This post contains affiliate links. Read the full disclosure here.
Joy! I can see the progress that my 6-year-old has made in math in just one year using the Ron Paul Curriculum. Our recent test proved it to me.
Last Friday my 6-year-old and my 5-year-old had a skill test for their Math 1 course of the Ron Paul Curriculum. The test was on simple addition. Unless I am mistaken, none of the numbers were over ten, making the highest possible result twenty.
The test is for the equivalent of a first grade student. At this point the student is supposed to be able to do the addition in their head. My 6-year-old took this same test last year when we went through Math 1 as her Kindergarten curriculum. Last year she was able to do the addition, but not in her head. She used counting objects and it took her a long time to complete the test, even with me helping her.
Making Progress with RPC
This year she had no problem doing the math in her head and she got most of them right. On the rare occasion that she did miss one, we went over it with together and she understood how to get the correct answer. Without my help she got 93% correct.
My 5-year-old is watching the same videos with her older sister as her Kindergarten curriculum, just like her sister did last year. My expectations of her are different. Mostly I just want her to get into the habit of watching the videos. Of course, she gets more out of it than just discipline. She absorbs a lot of the information, even if she isn’t reading, writing or doing math in her head.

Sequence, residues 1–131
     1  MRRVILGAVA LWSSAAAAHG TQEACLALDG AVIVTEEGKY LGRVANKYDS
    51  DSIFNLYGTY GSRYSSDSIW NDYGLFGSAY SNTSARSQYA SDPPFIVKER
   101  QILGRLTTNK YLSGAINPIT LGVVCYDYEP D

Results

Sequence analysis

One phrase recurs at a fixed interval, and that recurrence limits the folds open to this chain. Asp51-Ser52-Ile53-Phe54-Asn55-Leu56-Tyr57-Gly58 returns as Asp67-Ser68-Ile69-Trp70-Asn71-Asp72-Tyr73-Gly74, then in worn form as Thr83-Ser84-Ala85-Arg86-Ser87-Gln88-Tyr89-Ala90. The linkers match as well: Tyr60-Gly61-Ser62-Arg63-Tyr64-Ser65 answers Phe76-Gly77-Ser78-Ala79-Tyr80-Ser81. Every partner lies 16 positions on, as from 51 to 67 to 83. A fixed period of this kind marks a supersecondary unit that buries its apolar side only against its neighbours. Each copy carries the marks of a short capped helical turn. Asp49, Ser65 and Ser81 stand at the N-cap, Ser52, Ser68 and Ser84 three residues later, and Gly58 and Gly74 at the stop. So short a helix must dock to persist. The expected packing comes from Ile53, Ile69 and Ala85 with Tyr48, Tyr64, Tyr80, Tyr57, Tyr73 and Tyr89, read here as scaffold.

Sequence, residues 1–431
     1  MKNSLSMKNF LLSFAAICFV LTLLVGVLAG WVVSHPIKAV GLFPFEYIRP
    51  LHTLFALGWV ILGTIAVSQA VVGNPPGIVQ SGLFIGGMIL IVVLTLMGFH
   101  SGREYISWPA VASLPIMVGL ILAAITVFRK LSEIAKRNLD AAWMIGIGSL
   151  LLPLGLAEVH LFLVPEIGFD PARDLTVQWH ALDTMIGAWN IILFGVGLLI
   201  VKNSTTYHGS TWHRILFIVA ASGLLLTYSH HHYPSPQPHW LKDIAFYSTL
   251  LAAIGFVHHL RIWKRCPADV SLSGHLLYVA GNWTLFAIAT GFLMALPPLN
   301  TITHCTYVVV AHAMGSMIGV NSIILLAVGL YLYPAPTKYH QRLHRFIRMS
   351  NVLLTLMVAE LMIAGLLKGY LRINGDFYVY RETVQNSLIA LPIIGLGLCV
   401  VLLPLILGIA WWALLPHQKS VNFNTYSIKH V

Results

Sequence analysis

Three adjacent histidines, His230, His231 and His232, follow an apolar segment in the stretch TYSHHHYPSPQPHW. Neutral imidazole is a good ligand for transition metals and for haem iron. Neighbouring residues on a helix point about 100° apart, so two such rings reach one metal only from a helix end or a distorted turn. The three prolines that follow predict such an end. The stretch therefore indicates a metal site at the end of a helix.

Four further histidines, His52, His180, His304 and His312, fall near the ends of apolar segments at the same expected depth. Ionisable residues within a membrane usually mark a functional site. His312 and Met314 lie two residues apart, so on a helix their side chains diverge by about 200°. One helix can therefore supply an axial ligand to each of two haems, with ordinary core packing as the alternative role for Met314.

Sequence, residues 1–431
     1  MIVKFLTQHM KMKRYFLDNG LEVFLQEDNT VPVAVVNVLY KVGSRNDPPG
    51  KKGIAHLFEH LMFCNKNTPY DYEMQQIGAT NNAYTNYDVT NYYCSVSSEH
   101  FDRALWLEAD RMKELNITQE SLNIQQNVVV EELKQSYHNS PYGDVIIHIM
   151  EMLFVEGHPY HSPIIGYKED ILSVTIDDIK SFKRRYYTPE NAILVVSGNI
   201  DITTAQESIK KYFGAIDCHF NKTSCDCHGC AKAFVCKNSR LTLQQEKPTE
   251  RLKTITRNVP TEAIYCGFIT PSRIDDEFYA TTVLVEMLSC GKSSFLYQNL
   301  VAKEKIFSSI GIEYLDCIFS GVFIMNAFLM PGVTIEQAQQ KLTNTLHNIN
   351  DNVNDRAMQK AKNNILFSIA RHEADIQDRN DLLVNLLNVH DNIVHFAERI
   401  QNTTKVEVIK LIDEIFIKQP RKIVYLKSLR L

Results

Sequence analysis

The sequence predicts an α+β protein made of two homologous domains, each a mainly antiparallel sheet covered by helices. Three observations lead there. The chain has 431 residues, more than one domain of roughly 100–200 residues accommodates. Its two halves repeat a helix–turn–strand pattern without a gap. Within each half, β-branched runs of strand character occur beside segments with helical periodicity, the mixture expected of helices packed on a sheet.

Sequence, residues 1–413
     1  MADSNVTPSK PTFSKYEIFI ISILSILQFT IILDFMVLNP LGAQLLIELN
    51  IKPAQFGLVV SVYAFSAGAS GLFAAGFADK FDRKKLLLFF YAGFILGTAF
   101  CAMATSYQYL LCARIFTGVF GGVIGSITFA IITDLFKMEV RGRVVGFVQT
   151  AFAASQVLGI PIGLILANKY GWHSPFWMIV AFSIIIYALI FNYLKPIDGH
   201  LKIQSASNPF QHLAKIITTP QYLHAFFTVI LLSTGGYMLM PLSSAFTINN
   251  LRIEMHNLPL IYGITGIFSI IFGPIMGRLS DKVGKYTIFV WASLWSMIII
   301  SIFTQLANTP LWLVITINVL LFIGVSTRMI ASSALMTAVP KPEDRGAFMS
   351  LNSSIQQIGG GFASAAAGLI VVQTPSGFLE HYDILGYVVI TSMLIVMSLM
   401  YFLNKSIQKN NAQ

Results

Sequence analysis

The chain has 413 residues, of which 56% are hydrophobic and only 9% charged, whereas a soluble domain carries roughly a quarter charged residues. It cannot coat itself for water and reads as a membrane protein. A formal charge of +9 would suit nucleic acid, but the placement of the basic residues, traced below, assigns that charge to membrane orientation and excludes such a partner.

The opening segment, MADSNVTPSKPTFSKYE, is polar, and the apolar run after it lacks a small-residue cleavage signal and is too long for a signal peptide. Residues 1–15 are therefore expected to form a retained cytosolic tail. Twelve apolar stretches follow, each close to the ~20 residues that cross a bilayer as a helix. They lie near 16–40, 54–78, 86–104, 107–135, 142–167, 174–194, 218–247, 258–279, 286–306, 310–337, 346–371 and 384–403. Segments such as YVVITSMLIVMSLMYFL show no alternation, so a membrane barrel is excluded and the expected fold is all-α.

Using Counting Objects
This year it was my 5-year-old’s turn to do the math test with counting objects. We have several jars of objects to count with. We have plastic gemstones, buttons, coins and dominoes. The kids got a rock-tumbler for Christmas, so maybe polished rocks will be making their way into the collection soon.
I let my 5-year-old decide what kind of objects she wanted to use and then we did the test together. It took us a while, but it was worth it. My kids get a boost of confidence when they can do assignments from the curriculum. I think this is because they know that it isn’t just something that I made up for them to do. It feels more important and real.
Easing Anxiety About Homeschooling
It has also been a great way for me to see their progress. Parenting is difficult because it is a lot of work, but it can be a long time before you get to see the fruits of your labors. Being a homeschool parent adds a whole new level that to that dynamic.
Being a relatively new homeschool mom means that I have a lot of anxiety about whether or not my children are learning anything. Milestones like this one go a long way to ease my mind. Last year when my 6-year-old was taking the addition test using counting objects, I couldn’t imagine her ever being able to do the math in her head.
I wasn’t sure I knew how to teach her to do it in her head. It turns out, all I had to do was keep doing what I was doing!